Median overall survival (OS) in most studies using CART19 is beyond 1 year and importantly is noted within some reports to vary by dose level or other changes to study design throughout the clinical trial. Multicenter studies using consistent products reflect more generalizable outcomes. In the pivotal ELIANA trial leading to approval of tisagenlecleucel for pediatric and young adult patients, 75 patients were treated, with a CR rate of 81%. Median OS was not reached, with event-free survival (EFS) and OS at 12 months of 50% and 76%, respectively. For responders, the median duration of remission was not reached.6  In the multicenter ZUMA-3 study treating 55 adults with r/r ALL with KTE-X19, CR rate was 71% and median OS was 18.2 months. The median duration of remission for responders was 12.8 months.12  Another multicenter study treated 38 adult and pediatric patients with CART19 with a CR rate of 71%, with OS and progression-free survival of 67% and 47%, respectively, at 1 year. The median duration of response was 14.8 months.8 

Impact of prior blinatumomab on efficacy

Blinatumomab is a bispecific T cell engaging a single-chain antibody construct linking CD3+ T cells with CD19+ B cells. There is a logical concern that due to its similar mechanism of action and target, prior treatment with blinatumomab could adversely affect outcomes from CART19. For this reason, early CART19 studies, such as the ELIANA study, prohibited prior treatment with blinatumomab or other CD19-targeted therapies.6  Since these initial studies, the use of blinatumomab has increased significantly, especially in adults, which is reflected in a progressively higher proportion of patients (20%-45%) on CART19 studies having received blinatumomab (see Table 1).1,3,9,12  In the recently published ZUMA-3 multicenter trial, 45% of the 55 adult patients treated with KTE-X19 had received blinatumomab. Although prior exposure to CD19-targeted agents may affect risk of subsequent CD19– relapse, initial response rates do not seem greatly affected. The Children's Hospital of Philadelphia reported outcomes from 166 patients treated with CART19 at their institution. The CR rate was 93%, and 67 patients ultimately relapsed, 39 with CD19– disease due to antigen escaper. Prior therapy with blinatumomab was associated with a higher risk for CD19– relapse.17 

Importance of persistence for durable remissions

Several ALL trials using CART19 products containing a 4-1BB costimulatory domain have shown a strong correlation between CART19 persistence (often represented by B-cell aplasia, a biological surrogate for functional persistence) and CD19+ relapses.1-3,6,7,18  In an analysis of outcomes with tisagenlecleucel in patients with ALL on the ELIANA trial, the patients with CD19+ relapses had a more rapid loss of CART persistence compared with those with durable remissions. Of interest, patients who developed a CD19– relapse had persistence similar to those who had sustained responses with mechanism of relapse due to antigen escape.18  In another pediatric study using a different 4-1BBCART19 product at Seattle Children's, a longer duration of B-cell aplasia correlated significantly with the durability of remission.2  Another study found the median persistence of 41BBCART19 was shorter for those with a CD19+ relapse (2.5 months) as opposed to a CD19– relapse (6 months).4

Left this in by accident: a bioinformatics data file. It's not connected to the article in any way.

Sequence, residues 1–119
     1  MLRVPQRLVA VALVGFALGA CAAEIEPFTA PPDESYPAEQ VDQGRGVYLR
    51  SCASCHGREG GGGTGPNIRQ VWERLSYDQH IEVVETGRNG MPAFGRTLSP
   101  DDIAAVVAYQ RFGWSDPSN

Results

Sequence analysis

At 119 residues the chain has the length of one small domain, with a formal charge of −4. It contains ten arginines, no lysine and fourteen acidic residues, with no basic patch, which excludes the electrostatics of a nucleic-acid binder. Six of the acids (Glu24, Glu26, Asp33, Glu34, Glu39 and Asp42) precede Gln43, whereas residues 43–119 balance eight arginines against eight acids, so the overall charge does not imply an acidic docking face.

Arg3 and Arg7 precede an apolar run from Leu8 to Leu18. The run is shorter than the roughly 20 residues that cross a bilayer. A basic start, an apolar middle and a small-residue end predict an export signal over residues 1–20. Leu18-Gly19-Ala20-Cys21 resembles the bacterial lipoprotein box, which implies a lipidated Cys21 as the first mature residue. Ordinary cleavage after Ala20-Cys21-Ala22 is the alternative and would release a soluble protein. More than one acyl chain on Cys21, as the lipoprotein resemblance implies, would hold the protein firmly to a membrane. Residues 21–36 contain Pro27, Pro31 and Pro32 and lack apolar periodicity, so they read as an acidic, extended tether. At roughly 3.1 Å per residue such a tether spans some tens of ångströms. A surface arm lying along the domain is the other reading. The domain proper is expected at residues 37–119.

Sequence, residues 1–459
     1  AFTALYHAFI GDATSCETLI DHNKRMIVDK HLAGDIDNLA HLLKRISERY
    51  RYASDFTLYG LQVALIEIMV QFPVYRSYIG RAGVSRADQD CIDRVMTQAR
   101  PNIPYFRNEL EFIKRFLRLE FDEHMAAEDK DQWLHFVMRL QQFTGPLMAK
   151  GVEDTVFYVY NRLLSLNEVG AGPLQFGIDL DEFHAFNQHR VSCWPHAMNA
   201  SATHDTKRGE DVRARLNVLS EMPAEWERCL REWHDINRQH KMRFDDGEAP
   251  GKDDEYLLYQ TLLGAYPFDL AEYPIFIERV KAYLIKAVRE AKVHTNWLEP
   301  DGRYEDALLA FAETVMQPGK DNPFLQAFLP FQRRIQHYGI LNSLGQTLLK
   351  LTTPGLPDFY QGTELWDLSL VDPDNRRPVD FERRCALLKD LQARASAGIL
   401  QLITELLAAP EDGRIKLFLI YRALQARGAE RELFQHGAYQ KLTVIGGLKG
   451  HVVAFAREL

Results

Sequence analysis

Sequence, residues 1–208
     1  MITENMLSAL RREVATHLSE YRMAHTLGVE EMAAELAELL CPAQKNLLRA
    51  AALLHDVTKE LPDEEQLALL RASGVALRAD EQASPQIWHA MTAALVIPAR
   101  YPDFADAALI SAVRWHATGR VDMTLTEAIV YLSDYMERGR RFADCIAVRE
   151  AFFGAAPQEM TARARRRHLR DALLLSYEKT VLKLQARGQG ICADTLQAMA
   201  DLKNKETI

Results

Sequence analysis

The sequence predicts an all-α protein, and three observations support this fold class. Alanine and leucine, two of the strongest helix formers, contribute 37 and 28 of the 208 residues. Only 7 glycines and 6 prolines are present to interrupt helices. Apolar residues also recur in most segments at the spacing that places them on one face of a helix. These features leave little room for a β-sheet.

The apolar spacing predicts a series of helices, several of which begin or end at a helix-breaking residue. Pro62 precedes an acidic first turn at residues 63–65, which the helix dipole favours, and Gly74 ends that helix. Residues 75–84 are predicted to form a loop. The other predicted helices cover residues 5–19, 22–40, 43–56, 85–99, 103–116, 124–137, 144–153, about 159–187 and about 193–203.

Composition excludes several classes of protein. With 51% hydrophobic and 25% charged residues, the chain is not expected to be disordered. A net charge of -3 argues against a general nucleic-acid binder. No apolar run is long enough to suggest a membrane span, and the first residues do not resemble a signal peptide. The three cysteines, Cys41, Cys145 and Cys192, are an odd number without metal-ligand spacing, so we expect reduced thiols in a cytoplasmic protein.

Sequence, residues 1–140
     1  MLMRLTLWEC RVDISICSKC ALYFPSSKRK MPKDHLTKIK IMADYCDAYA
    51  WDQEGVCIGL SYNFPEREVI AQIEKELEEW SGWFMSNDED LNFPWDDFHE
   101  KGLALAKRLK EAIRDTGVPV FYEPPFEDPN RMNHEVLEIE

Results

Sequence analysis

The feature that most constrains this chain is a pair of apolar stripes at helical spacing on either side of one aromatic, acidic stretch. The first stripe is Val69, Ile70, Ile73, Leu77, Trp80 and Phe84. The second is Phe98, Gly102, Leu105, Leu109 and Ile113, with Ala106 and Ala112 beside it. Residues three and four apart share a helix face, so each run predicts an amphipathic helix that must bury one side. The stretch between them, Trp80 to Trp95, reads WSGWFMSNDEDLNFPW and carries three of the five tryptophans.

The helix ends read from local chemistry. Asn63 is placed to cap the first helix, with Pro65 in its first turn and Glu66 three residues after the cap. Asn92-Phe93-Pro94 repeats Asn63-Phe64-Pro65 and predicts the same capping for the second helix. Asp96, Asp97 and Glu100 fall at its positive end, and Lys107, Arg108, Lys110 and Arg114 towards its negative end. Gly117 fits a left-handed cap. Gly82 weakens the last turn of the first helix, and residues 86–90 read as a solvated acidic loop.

Several studies using CD28-CART19 products have shown limited persistence, but a correlation of outcomes with persistence is less clear.9,11,12  In the ZUMA-3 trial using CD28-CART19 (KTE-X19), CARTs were no longer detectable in 79% of patients with evaluable samples by 6 months, and B-cell recovery had occurred in all evaluable ongoing responders at 12 months. The experience at Memorial Sloane Kettering Cancer Center using their CD28-CART19 showed median persistence of 14 days (range, 7-138 days), and duration of persistence did not correlate with survival.9  In 1 study, however, from the National Cancer Institute treating 50 pediatric and AYA patients with a CD28-CART19 product, remissions were durable only with consolidative SCT, which the authors hypothesize may be due to limited persistence.11 

Given the correlation between 4-1BBCART19 persistence and CD19+ durability of remissions, it is vital to understand correlates with persistence using these CART19 products. The group at the Fred Hutchinson Cancer Research Center found that the addition of fludarabine to cyclophosphamide lymphodepletion improved persistence and disease-free survival.19  The impact of antigen load on persistence has varied across studies. The group from Seattle Children's found a positive correlation, with >15% bone marrow blasts correlating with prolonged persistence.2  Conversely, the group from did not find an association with low disease burden and CD19+ relapses.17  Evaluation of T cells in apheresis and manufactured 4-1BBCART19 products identified phenotypical and functional attributes of CAR CD8 T cells that correlated with persistence.20 

Most of the studies in Table 1 use CARs containing a murine domain that may be a target for immune-mediated rejection. The development of a CART19 product using a CAR containing a humanized anti-CD19 scFv domain may bypass this rejection, resulting in improved persistence and relapsed free survival (RFS).7,10  A recent report of outcomes in pediatric and AYA patients with r/r ALL treated with a humanized CART19 based on the backbone of CTL019 (tisagenlecleucel) has shown excellent responses. In 41 CART19-naive patients, CR rate was 98%, and RFS at 1 year was 84%. Similar to prior studies, earlier B-cell recovery as a time-dependent covariate correlated with worse RFS. In an exploratory analysis, time to B-cell recovery was compared with a historical cohort of CTL019 recipients, and there was a trend toward a lower cumulative incidence of B-cell recovery by 6 months (15% vs 29%), but it did not reach statistical significance.7 

Risk of CD19– relapse